Richard Henry (Back to Basie Orchestra/ Carla Bley/ Julian Joseph big bands) and Marizio Minardi (Brandon Allen/Quentin Collins) weaved magic over How Insensitive Dai Pritchard (formerly Loose Tubes, currently Pasadena Roof Orchestra) unleashed his funky side over Summertime and Cantaloupe Island.  The personnel changed – and tunes came – thick and fast, all anchored by Pete Gilligan's solid playing.  At one point the three horns together delivered a very spirited All the Things You Are (I seem to recall) in which their lines were so together it sounded like one musician.  
Lindsay Hannon arrived at around 11 (“I just called in for five minutes on my way home”) and sang – amongst others – My Funny Valentine.  During Marizio’s solo Richard and Pete picked up on rhythmic changes in each others playing and the rhythm section followed into a couple of choruses on a ska beat before returning to the original feel for Lindsay’s last chorus.  A number of singers from the assembled company (sorry my hands were full of double bass so I couldn’t note names) sang lovely versions of a number of standards, including a great swinging/shuffle around God Bless the Child.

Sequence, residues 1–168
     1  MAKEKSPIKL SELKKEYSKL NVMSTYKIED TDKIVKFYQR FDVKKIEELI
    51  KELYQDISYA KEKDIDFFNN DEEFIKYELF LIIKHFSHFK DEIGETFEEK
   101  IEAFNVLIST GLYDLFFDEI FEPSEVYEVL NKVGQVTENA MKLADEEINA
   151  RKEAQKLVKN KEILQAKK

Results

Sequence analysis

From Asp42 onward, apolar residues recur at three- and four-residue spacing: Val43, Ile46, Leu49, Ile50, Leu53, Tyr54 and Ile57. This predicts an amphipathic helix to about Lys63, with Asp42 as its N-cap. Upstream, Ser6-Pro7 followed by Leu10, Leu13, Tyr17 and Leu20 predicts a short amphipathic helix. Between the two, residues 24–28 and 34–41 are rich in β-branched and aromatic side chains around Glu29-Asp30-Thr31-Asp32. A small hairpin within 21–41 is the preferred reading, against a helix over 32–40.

Later Adrian Lukis sang Satin Doll with a delivery that Rex Harrison would have been proud of.
If I’ve forgotten anything or anyone, please accept my apologies. It was a blistering, lively, exciting night that ended with an appropriate finale that involved the entire audience dancing whilst the horns, Lindsay (whose five minutes had extended to about four and a half hours) and the rhythm section, traded on a funk jam.  Some days I just feel very lucky to be in the right place at the right time – and this was one of them.
Photos by Kaveh.
Paul Grainger.

1 comment :

  1. Kav's photo absolutely captures the atmosphere. The photo of Dietrich looking down just rounds it off - wish I'd been there.

    ReplyDelete

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About this blog - contact details.

Bebop Spoken Here -- Here, being the north-east of England -- centred in the blues heartland of Newcastle and reaching down to the Tees Delta and looking upwards to the Land of the Kilt.
Not a very original title, I know; not even an accurate one as my taste, whilst centred around the music of Bird and Diz, extends in many directions and I listen to everything from King Oliver to Chick Corea and beyond. Not forgetting the Great American Songbook the contents of which has provided the inspiration for much great jazz and quality popular singing for round about a century.
The idea of this blog is for you to share your thoughts and pass on your comments on discs, gigs, jazz - music in general. If you've been to a gig/concert or heard a CD that knocked you sideways please share your views with us. Tell us about your favourites, your memories, your dislikes.
Lance (Who wishes it to be known that he is not responsible for postings other than his own and that he's not always responsible for them.)
Contact: lanceliddle@gmail.com I look forward to hearing from you.